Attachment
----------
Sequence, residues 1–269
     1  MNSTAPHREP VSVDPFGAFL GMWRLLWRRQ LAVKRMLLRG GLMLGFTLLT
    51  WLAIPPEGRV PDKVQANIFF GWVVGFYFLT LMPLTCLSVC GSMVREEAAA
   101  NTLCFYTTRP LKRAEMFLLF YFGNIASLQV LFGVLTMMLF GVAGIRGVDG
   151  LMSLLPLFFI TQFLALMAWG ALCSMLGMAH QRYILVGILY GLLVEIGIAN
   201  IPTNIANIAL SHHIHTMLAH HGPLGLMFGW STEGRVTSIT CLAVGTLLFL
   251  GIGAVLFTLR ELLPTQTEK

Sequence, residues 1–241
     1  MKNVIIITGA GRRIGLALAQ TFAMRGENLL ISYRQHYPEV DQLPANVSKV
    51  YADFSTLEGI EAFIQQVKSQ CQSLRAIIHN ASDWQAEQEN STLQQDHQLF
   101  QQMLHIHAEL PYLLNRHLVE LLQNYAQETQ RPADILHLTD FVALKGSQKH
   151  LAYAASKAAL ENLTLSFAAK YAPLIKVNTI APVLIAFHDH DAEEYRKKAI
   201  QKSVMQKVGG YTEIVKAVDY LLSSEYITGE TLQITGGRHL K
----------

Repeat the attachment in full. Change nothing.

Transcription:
Sequence, residues 1–269
     1  MNSTAPHREP VSVDPFGAFL GMWRLLWRRQ LAVKRMLLRG GLMLGFTLLT
    51  WLAIPPEGRV PDKVQANIFF GWVVGFYFLT LMPLTCLSVC GSMVREEAAA
   101  NTLCFYTTRP LKRAEMFLLF YFGNIASLQV LFGVLTMMLF GVAGIRGVDG
   151  LMSLLPLFFI TQFLALMAWG ALCSMLGMAH QRYILVGILY GLLVEIGIAN
   201  IPTNIANIAL SHHIHTMLAH HGPLGLMFGW STEGRVTSIT CLAVGTLLFL
   251  GIGAVLFTLR ELLPTQTEK

Sequence, residues 1–241
     1  MKNVIIITGA GRRIGLALAQ TFAMRGENLL ISYRQHYPEV DQLPANVSKV
    51  YADFSTLEGI EAFIQQVKSQ CQSLRAIIHN ASDWQAEQEN STLQQDHQLF
   101  QQMLHIHAEL PYLLNRHLVE LLQNYAQETQ RPADILHLTD FVALKGSQKH
   151  LAYAASKAAL ENLTLSFAAK YAPLIKVNTI APVLIAFHDH DAEEYRKKAI
   201  QKSVMQKVGG YTEIVKAVDY LLSSEYITGE TLQITGGRHL K